or older age significantly reduces CVD and all-cause mortality, and improves the quality of life
(85, 86, 196–198, 211, 212).
PART
3 Basis of recommendations (the best available evidence) 35
In summary, a sedentary lifestyle is associated with increased risk of cardiovascular disease.
Moreover, physical activity is associated with reduced risk of coronary heart disease and CVD
mortality, in both men and women, and in middle-aged and older individuals. Studies indicate a
dose–response relationship between overall physical activity and cardiovascular disease, which is
linear at least up to a certain level of activity. A similar relationship has also been seen with stroke.
Two reviews support the effectiveness of interventions to promote physical activity in the health
care setting. The first, a review of seventeen randomized controlled trials (RCTs) promoting physical activity in adults, found that professional advice and guidance with continued support had a
moderate effect on self-reported physical activity and cardiorespiratory fitness, but not on achieving a predetermined level of physical activity (213). Specific interventions included individual and
group counselling, self-directed or prescribed physical activity, supervised and unsupervised physical
activity, home- or facility-based physical activity, face-to-face and telephone support, written materials, and self-monitoring. Interventions were conducted by one or several practitioners, including
physicians, nurses, health educators and exercise leaders. Of the seventeen trials reviewed, eight
took place in the primary health care setting. The second review considered only studies in the
primary health care setting, and found that brief interventions to promote physical activity produced
moderate short-term improvements in self-reported physical activity levels (214). In 12 of 15 RCTs
and quasiexperimental studies, the intervention was delivered during a routine primary health care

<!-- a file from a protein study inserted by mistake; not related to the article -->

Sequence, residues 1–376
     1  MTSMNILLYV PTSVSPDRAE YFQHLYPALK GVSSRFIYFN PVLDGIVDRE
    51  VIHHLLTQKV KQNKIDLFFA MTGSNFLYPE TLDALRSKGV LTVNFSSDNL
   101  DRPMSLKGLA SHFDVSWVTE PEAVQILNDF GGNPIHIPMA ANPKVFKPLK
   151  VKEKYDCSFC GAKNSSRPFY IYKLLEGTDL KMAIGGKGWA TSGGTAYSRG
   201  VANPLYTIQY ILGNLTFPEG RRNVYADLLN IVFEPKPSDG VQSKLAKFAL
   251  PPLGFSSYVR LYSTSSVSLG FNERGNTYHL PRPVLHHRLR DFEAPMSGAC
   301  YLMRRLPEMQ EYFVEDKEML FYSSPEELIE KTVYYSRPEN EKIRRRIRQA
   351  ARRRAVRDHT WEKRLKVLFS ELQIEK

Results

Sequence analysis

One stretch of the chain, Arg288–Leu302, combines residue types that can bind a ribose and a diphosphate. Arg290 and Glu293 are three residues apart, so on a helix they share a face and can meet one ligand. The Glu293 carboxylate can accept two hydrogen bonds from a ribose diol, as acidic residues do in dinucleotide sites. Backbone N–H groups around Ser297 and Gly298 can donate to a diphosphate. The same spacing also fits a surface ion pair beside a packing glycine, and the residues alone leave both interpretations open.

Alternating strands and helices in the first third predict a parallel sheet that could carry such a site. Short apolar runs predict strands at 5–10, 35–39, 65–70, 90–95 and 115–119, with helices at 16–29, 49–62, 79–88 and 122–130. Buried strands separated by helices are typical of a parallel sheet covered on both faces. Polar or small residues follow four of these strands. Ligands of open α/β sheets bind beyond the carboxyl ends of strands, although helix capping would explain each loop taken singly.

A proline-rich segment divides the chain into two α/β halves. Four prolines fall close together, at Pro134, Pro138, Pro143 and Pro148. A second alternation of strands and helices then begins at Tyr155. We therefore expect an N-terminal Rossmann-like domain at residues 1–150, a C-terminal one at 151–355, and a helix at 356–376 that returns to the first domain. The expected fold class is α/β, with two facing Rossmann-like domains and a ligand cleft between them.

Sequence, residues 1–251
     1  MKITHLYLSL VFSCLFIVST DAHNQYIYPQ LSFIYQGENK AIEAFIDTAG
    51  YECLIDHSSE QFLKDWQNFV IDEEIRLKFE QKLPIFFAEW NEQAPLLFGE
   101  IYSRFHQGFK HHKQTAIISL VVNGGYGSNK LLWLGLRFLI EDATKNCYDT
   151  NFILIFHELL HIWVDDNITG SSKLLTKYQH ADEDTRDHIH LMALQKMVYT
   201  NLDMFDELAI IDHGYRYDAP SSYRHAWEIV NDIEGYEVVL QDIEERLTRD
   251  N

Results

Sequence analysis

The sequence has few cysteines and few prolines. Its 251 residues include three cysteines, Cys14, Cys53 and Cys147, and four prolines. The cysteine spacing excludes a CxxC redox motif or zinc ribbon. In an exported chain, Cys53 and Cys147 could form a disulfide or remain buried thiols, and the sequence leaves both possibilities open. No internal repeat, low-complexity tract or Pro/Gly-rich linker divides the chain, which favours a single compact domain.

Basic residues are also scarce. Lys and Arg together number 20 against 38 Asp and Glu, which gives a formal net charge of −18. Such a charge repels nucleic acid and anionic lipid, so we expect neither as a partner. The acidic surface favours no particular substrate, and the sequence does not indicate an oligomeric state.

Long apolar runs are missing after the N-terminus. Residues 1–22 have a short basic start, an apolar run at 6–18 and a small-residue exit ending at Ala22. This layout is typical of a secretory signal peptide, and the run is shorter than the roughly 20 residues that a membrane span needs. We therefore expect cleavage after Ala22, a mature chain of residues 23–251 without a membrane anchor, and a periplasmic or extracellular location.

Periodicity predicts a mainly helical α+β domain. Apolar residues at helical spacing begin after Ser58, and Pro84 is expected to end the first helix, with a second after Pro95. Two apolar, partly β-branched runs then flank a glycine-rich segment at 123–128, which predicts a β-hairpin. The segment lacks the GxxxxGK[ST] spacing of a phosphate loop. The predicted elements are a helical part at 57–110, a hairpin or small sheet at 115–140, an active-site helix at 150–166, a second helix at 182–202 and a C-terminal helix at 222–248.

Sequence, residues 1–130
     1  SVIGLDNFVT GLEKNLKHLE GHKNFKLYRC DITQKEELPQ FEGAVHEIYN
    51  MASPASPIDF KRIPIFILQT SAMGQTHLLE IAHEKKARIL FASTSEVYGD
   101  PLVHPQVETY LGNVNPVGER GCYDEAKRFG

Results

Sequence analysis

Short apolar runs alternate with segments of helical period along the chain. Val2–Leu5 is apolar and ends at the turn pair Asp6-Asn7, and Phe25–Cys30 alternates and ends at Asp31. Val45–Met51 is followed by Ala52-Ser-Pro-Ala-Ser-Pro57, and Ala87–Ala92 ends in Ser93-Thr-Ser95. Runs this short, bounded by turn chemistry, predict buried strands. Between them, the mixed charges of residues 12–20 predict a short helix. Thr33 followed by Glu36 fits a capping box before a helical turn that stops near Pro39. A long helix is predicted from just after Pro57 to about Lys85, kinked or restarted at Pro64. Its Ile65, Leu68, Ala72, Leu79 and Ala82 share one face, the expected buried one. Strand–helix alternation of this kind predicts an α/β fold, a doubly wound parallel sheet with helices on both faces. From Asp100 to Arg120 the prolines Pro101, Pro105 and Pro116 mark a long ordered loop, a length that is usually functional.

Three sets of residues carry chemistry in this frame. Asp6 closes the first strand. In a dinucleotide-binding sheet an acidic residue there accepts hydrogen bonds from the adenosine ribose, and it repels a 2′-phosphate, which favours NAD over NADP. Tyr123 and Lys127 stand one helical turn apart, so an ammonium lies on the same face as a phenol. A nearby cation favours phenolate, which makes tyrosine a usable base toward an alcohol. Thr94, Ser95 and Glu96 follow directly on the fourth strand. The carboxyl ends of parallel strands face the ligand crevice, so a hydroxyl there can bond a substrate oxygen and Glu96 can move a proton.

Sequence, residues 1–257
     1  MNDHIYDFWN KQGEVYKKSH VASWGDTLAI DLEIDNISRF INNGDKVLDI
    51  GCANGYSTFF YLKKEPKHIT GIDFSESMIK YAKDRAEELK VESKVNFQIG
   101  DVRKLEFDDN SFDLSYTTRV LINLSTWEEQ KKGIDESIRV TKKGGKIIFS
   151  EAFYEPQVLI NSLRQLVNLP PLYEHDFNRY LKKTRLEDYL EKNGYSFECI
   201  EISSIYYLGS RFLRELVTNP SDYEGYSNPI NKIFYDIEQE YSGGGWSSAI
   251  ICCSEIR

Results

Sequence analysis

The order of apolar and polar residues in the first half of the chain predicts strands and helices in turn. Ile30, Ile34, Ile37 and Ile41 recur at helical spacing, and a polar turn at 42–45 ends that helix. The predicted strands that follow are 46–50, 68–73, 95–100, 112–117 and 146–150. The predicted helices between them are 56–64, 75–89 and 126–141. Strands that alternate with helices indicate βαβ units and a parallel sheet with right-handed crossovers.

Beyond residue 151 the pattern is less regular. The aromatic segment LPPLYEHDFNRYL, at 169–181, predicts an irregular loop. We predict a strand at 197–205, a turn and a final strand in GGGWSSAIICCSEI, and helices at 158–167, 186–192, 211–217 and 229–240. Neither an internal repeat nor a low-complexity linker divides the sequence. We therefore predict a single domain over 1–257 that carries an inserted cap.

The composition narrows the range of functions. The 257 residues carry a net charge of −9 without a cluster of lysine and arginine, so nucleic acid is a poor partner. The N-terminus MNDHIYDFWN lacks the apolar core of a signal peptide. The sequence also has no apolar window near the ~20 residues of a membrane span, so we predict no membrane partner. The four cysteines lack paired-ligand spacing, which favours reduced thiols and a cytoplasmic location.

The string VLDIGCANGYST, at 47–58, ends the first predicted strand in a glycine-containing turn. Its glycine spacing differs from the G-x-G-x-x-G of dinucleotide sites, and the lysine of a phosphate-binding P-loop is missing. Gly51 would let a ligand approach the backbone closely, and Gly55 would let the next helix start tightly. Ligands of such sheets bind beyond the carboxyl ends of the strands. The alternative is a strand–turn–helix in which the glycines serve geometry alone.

visit, and walking was the activity most commonly recommended. No clear relationship was found
between the person doing the intervention (e.g. physician, nurse, health educator, public health
student) and effectiveness, or between the length of the initial intervention and effectiveness. In both
reviews, it was noted that the length of follow-up of the studies (typically 1 year or less) was insufficient to draw conclusions about long-term effectiveness or whether outcomes would be maintained.
Trials using more objective indicators of activity patterns and changes in cardiovascular risk factors
would be helpful in determining how primary care teams can intervene most effectively.
1.4 Body weight
Issue
Does losing weight reduce the cardiovascular risk for those who are overweight or obese?
Evidence
Obesity is a growing health problem in both developed and developing countries (2). Prospective
epidemiological studies have shown a relationship between overweight or obesity and cardiovascular morbidity, CVD mortality and total mortality (215–221). Obesity is strongly related to major
cardiovascular risk factors, such as raised blood pressure, glucose intolerance, type 2 diabetes, and
dyslipidaemia (215, 218, 220, 222).
Meta-analyses of RCTs have shown that a weight-reducing diet, combined with exercise, produces
significant weight loss, reduces total cholesterol and LDL-cholesterol, increases HDL-cholesterol,
and improves control of blood pressure and diabetes (223, 224).
Weight loss programmes using dietary, physical activity, or behavioural interventions have been
shown to produce significant reductions in weight among people with pre-diabetes, and a significant decrease in diabetes incidence (225). A meta-analysis of randomized controlled trials (226)